Connecticut received a “B” rating in a new report that ranks states based on the transparency of economic development incentives given to businesses to either move into, or remain, in the state. It was the third highest grade in the United States. The report issued by Frontier Group and U.S. ...
Courant: Small Office, Big Influence
HARTFORD – The Hartford Courant featured the Yankee Institute on the front page this morning, profiling our work and the outlandish allegations made against us by state labor leaders:
“Founded in 1984, the think tank has long embraced a philosophy that government should be small, taxes should be low, and a robust private sector is the key to economic growth. For part of its history, the Yankee Institute was a small, somewhat stodgy presence on the campus of Trinity College known for churning out academic papers on education and health care policy.
Cullen and Heath W. Fahle, the institute’s policy director, arrived in 2009 with the charge of making the institute “more practical and maybe a little bit less academic and theoretical,” says Cullen, who holds degrees from both Yale and Harvard.”
On the paranoid and desperate attacks waged by labor leaders against Yankee, Cullen describing the allegations as something out of a movie.
The hacking allegation is “unequivocally not true,” Cullen says. “They’re accusing us of having hacked into the computer system, of having taken assumed identities, spreading misinformation and covering up our electronic tracks. … It sounds like something out of ‘Mission: Impossible.’ ”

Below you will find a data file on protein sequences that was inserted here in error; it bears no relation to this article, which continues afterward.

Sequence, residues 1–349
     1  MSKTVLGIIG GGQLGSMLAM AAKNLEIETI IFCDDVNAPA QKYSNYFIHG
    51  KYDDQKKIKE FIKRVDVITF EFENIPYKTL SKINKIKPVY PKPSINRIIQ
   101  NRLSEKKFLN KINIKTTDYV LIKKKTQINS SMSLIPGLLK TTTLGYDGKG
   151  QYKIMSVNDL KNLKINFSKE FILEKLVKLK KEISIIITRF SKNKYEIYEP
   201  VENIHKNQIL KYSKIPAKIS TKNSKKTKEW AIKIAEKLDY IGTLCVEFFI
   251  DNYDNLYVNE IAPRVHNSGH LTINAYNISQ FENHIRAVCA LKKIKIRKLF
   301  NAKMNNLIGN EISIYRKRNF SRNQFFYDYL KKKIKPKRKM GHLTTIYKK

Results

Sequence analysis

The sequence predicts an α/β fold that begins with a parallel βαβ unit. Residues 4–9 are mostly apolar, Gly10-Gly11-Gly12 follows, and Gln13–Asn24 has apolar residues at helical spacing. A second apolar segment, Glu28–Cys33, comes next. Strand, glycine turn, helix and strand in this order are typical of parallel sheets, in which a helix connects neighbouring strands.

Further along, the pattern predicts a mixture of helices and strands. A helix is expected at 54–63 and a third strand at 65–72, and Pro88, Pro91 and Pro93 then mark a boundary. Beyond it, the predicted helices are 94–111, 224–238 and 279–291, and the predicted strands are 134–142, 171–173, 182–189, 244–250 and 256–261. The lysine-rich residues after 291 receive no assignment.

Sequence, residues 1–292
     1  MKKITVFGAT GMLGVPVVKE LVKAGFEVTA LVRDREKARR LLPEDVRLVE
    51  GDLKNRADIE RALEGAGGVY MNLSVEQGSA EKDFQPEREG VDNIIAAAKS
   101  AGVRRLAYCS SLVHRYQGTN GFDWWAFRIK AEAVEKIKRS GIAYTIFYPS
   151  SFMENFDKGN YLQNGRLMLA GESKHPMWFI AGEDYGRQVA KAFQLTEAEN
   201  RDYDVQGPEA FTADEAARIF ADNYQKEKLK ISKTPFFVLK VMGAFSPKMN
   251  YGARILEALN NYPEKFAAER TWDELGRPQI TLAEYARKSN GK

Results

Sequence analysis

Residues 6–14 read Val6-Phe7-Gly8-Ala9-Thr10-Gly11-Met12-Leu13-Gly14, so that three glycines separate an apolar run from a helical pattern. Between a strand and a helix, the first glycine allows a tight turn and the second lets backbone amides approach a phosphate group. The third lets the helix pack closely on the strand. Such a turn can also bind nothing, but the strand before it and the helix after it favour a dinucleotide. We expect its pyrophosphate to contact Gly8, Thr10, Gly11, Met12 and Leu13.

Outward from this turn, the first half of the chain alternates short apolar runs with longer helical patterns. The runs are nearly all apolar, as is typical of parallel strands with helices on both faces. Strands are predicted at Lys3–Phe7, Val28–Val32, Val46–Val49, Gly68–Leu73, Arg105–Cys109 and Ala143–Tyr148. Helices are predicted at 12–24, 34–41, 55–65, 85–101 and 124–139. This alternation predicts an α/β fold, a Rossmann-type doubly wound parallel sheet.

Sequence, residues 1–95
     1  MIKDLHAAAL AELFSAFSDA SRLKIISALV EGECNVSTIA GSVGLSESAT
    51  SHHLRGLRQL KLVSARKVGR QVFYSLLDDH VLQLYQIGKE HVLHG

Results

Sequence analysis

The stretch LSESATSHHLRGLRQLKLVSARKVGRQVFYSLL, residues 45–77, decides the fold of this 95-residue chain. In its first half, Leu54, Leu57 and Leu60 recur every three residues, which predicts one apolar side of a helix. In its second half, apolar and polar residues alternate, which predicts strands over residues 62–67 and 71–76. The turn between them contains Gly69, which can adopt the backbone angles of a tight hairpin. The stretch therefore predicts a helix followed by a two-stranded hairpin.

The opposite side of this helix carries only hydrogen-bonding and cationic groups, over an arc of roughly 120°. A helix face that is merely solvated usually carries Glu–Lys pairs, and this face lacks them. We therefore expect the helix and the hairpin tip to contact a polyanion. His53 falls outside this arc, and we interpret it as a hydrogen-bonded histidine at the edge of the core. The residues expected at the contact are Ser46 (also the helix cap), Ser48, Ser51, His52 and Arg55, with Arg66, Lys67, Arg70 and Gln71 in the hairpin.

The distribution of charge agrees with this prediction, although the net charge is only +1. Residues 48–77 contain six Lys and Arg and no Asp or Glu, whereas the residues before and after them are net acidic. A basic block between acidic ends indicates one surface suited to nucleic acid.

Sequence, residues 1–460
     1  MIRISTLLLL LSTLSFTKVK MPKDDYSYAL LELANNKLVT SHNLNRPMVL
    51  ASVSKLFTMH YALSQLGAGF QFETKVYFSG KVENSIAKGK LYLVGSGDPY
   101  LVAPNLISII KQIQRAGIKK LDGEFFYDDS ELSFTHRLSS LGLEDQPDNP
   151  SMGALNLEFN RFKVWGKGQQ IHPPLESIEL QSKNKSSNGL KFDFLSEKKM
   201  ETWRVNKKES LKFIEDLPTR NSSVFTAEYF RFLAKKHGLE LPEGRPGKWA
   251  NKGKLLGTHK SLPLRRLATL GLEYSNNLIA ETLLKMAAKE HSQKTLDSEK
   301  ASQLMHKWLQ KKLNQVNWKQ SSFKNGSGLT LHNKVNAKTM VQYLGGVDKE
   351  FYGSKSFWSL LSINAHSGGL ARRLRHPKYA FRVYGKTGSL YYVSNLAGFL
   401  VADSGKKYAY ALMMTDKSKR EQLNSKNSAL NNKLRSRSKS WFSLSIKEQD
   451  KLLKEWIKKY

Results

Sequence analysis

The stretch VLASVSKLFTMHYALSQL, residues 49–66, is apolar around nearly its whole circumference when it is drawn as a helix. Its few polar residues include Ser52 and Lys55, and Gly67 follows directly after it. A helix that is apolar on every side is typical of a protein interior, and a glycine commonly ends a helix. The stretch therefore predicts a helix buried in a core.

The Courant also paints the contrast to the labor rhetoric and Yankee’s reality:
In contrast to the union’s depiction of a sophisticated organization with ties to some of the nation’s most influential conservative groups, Cullen paints the Yankee Institute as a shoestring operation, with 3.5 employees and an annual budget of about half a million dollars generated almost exclusively from individual donors living in Connecticut. “They are ascribing powers of influence to us that we wish we had,” he says.
Read the full piece in the Hartford Courant.
Far too often, Connecticut lawmakers seem content to listen to themselves talk about legislation rather than hear from the people who voted them into office. Connecticut’s complicated legislative process does more to keep voters out of government than to give them a voice at the Capitol; with a new legislative session just around ...